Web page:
April 18 2005

Tough choice: the Magic Pound Note Machine or the pea-shooter and a quarter of parrygarrick?
Saturday in the old St John’s market always presented a dilemma.
The toy stall was the big attraction, but to get there you had to pass the sweets and for kids whose taste buds had been stunted by years of rationing, that wasn’t easy.
It was 10 years after the war ended before a stick of rhubarb and a couple of shakes of sugar, or a condensed milk sandwich stopped being a treat.
For us, the big birthday party climax wasn’t the cake and candles, but a Mars bar shaved paper thin and distributed one piece per salivating child.
We nibbled it like ambrosia. If you were careful you could make the chocolate edge on your slice last a full five minutes before you reached the squidgy stuff.
Then the sweets came back.
And the best on offer were those in the market: humbugs, wine gums, jelly babies, acid drops tart enough to strip your tongue, caramels made with so much honey you couldn’t eat more than three without being sick, gobstoppers the size of ping-pong balls.
And parrygarrick.
We got hooked on those.
One bag was never enough.
It was some years before we knew why and by then they had disappeared. The aniseed-flavoured boiled sweets (real name paregoric) were a concoction of camphor and benzoic acid. They used something similar – with just a dash of alcohol and opium – as an early painkiller.
Tooth decay was never an issue. We had withdrawal symptoms.
It took real determination to get to the toy stall and even more to decide how best to spend what was left of your pocket money.
Painting books that coloured themselves, water-squirting rings, paper kites, wind-up racing cars, Archie Andrews ventriloquist dummies, Muffin the Mule string puppets: the treasures of Ben Gunn’s cave paled by comparison.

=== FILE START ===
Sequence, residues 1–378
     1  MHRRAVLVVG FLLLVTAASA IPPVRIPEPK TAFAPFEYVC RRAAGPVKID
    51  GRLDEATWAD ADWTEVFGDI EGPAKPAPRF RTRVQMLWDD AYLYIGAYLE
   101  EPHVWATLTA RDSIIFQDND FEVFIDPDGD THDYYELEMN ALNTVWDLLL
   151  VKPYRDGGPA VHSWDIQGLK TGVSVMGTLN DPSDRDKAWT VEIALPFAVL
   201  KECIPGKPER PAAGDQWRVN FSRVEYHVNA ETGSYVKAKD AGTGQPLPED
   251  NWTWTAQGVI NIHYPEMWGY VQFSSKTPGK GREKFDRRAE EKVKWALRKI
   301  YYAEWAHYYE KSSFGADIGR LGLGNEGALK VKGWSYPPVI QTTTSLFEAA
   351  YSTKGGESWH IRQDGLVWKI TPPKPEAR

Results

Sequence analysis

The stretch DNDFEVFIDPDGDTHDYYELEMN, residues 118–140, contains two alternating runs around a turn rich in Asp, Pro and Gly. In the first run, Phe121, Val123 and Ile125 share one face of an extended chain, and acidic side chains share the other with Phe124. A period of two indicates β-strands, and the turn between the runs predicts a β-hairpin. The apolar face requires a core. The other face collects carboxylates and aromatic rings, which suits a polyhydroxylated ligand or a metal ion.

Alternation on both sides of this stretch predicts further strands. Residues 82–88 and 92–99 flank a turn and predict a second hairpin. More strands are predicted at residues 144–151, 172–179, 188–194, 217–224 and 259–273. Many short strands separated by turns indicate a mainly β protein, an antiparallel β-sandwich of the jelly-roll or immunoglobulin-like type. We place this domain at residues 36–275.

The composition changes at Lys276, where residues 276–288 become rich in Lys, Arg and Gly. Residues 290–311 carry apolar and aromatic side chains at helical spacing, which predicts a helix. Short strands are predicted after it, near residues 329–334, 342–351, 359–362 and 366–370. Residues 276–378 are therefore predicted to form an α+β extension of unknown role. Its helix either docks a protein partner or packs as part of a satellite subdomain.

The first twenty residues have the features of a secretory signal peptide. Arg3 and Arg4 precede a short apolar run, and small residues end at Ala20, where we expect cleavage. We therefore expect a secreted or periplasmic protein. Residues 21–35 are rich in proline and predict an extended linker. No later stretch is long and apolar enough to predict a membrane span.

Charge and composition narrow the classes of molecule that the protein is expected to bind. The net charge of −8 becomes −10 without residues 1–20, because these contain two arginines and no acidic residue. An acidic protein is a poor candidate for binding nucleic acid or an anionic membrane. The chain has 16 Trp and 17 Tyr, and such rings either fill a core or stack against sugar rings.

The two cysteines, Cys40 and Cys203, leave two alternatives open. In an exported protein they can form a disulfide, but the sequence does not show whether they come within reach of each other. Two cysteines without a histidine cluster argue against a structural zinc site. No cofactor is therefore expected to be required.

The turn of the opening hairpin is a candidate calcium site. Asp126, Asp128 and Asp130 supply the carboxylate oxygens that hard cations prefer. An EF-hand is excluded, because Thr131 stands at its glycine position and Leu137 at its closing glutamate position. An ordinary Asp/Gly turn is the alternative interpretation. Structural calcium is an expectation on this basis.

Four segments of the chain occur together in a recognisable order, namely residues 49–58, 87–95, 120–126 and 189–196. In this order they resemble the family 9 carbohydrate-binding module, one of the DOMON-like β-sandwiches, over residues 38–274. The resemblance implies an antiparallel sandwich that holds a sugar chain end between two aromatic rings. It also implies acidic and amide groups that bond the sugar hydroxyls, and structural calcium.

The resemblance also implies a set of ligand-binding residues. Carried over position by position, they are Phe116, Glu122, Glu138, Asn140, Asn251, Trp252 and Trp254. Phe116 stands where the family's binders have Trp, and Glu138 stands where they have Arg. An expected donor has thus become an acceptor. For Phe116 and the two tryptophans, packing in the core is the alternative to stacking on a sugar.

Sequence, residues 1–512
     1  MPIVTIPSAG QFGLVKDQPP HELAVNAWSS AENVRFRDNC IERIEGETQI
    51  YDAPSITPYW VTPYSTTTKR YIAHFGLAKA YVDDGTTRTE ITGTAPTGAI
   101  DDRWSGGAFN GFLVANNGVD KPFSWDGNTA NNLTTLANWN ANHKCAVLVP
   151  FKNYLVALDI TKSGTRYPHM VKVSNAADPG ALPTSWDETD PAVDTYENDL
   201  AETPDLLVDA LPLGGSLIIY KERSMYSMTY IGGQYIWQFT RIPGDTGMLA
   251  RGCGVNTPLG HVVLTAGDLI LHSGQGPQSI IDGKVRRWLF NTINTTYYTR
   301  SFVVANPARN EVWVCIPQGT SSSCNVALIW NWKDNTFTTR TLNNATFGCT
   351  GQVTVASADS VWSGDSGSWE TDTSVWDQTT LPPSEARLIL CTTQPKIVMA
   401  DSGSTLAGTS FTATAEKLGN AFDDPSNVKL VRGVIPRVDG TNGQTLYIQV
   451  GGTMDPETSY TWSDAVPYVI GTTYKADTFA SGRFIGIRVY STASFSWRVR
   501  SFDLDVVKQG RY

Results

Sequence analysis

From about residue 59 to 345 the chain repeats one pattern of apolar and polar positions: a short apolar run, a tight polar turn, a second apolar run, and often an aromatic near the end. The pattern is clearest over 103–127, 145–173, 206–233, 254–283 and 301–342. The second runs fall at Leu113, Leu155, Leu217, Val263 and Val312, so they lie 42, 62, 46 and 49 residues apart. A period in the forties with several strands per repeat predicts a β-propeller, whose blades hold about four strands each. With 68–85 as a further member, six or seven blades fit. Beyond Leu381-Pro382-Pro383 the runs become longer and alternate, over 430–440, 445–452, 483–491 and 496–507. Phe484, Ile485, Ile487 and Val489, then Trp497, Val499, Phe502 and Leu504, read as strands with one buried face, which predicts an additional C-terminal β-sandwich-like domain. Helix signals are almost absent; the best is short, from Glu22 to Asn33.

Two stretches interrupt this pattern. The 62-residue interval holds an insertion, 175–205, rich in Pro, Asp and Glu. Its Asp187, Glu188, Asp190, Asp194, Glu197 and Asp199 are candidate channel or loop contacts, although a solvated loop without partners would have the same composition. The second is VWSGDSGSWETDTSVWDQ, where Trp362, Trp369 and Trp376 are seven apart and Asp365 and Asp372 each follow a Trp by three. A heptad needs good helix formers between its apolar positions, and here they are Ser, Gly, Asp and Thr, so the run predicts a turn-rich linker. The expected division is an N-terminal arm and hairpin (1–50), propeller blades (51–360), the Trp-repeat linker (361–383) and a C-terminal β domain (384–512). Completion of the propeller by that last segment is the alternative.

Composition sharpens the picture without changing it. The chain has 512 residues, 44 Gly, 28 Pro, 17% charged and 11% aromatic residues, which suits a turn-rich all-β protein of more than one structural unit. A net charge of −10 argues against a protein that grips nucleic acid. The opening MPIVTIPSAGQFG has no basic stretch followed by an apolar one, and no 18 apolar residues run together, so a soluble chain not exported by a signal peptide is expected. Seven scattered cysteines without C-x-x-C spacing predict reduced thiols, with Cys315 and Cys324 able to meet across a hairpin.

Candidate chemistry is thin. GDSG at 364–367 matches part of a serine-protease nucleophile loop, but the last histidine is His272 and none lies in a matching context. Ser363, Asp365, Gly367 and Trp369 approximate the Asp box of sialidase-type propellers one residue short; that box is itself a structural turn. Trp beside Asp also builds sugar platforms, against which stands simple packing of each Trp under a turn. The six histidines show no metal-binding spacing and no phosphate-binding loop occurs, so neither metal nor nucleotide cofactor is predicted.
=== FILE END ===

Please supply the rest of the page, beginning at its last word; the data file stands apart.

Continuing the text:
Then there were comics. There was a huge crate of second-hand stuff: Film Fun, Knock-Out, Champion and just occasionally, Classics Illustrated, American imports with a different smell that retold in pictures stories like King of the Khyber Rifles and The Legend of Sleepy Hollow.  You could read Don Quixote, Les Miserables and Ivanhoe on the bus home and still have time for a game of French cricket before you were called in to listen to Dan Dare.
The pea-shooter? Shaped like a trumpet mouthpiece and made of gleaming tin, it was as cool as a Colt 45 and in the right hands almost as lethal.
Peas got stuck in the barrel so, in season, we used hawthorn berries, smaller and the colour of blood. Even better, with a mouthful of rice you could transform that Colt into a Gatling Gun. They didn’t know what hit ‘em. But it stung like billy-o.
An expedition to the market never disappointed.
Well, actually it did. Once
That Magic Pound Note Machine was a dud. It promised an ever-lasting source of pocket money, but the small print revealed that you had to load a real pound note into a complicated system of rollers before you could work the trick.
Magic? It was some years before they conjured up the Trade Descriptions Act.

 

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